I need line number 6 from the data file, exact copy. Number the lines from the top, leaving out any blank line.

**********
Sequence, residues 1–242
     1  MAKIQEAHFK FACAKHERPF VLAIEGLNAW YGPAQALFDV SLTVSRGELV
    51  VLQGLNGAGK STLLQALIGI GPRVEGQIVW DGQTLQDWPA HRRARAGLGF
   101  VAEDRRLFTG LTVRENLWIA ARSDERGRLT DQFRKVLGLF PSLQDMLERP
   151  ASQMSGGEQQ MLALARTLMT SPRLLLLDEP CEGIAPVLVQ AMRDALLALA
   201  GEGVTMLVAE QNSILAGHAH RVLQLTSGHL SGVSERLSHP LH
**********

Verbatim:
   201  GEGVTMLVAE QNSILAGHAH RVLQLTSGHL SGVSERLSHP LH